The day of the event, I confessed that I was really nervous about dragging her off to this event, and she reassured me that she was sure it would be fine, but joked that I might have to go to the cat circus that was coming to town to reciprocate – or maybe even the symphony. I said that she could determine what event to drag me to by the level of discomfort she experienced, and we both laughed.

I got more nervous the closer we got, and when the directions took us further and further into a residential neighborhood I really started to get anxious. When we pulled up, we realized this was actually someone’s house, and there were people standing around outside that all seemed to know each other, and if I’d been alone I surely would have turned tail and ran (wouldn’t be the first time) but because I’d made my partner come all that way, I marched onward to my doom. I joked that at least I was giving the new heart monitor a good workout.

We went inside and sat down; there were chairs set up all around a living room; even seated at the back I’d be watching the performance from about ten feet away, which was really cool but also really intimidating. When the artist (I am being vague, I know, but I try to write this blog anonymously so I’m being deliberately sparse with identifying details) was ready to start, she began by casting a circle with an athame, and my first thought was, “Oh shit, it looks like I am going to be attending the cat circus AND the symphony.”

It was both a wonderful and a painful experience. 

Wonderful, because I’ve been a fan of her music for years and it was such an incredible experience to see her perform, especially in such an intimate setting. She is a great songwriter with an amazing voice and also a really cool person.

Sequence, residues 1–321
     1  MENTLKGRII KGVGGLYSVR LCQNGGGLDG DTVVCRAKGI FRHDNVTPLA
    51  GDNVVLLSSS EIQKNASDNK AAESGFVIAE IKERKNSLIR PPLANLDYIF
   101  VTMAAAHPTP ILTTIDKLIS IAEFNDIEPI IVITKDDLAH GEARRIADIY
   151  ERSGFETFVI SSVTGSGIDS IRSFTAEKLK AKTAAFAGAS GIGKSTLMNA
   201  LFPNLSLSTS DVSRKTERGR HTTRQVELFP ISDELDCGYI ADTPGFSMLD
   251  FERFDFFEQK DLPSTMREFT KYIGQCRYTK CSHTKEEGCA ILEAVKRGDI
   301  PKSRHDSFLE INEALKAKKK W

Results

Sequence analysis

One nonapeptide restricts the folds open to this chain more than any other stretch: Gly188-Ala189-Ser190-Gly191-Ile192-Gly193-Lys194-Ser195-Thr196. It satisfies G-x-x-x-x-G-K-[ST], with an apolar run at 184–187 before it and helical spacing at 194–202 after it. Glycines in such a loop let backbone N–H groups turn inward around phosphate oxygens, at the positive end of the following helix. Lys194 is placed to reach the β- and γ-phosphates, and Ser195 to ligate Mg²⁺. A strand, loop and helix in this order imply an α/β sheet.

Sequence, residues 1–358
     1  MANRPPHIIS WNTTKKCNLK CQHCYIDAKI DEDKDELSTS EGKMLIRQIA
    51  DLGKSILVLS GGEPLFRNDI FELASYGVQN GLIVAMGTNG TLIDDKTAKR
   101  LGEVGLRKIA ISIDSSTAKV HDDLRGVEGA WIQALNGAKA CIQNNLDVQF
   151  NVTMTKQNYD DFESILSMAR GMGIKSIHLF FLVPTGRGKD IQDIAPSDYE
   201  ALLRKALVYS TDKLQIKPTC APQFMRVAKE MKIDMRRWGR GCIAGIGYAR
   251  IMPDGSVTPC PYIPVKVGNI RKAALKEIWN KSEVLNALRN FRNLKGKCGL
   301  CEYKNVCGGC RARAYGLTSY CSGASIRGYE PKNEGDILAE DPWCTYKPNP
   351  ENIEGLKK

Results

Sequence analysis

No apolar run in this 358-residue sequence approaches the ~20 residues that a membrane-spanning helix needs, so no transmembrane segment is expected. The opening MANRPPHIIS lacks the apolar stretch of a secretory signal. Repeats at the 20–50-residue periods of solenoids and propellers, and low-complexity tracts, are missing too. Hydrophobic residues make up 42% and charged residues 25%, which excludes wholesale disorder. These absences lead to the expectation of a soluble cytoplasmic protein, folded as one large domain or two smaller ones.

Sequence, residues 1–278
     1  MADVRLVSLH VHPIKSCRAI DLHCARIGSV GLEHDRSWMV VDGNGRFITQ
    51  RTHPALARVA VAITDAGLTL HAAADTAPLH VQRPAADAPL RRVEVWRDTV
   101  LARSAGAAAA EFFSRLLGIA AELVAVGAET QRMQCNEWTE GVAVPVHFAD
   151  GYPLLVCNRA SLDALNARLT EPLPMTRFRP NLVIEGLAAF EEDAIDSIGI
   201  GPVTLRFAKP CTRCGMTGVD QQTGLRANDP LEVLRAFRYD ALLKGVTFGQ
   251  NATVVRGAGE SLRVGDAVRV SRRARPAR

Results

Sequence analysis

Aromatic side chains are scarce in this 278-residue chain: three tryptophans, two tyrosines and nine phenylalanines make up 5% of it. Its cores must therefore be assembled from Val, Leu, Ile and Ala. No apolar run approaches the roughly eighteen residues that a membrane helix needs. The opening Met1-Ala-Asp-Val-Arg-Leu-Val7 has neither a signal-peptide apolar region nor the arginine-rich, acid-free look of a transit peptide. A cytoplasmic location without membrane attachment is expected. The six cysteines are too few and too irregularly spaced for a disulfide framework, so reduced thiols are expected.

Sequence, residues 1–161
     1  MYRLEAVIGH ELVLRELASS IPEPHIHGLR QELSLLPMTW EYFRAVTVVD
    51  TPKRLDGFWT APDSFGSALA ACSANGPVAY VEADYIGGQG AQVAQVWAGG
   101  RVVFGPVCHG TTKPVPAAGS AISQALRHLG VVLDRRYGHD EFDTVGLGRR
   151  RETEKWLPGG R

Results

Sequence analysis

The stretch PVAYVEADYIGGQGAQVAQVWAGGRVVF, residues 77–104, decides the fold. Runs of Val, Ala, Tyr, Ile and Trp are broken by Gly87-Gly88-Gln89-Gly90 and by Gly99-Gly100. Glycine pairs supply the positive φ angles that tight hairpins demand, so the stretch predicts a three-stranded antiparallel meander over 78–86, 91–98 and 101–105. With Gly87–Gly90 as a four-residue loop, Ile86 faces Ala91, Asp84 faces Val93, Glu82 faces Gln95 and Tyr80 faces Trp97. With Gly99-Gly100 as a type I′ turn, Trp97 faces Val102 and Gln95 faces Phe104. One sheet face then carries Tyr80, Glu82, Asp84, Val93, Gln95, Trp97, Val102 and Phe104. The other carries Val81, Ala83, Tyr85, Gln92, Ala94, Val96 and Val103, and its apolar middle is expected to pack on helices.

Painful, because the social anxiety was absolutely paralyzing, because at first the sound of that beautiful, resonant voice in that small space actually overwhelmed my senses, and because I knew that my partner was probably not having a great time.

The artist asked for requests a couple of times and there was a song I would have loved to have seen her perform, but there’s no way I could have forced myself to speak up. And at the end, I wanted to thank the host, and thank the artist for such a great show, but instead bolted for the door and crept away as soon as everyone started getting up and milling around.

It has probably cost me quite a few spoons for the next few days, but I am glad I went and my partner more or less survived unscathed. She was able to joke about how she felt bad that she probably damaged the circle that was cast, with her presence. She said it wasn’t really her cup of tea but that the artist really was a great performer, and as she’d said at the beginning, she loves to see live music.

There is totally a cat circus in my future, though. And possibly a symphony.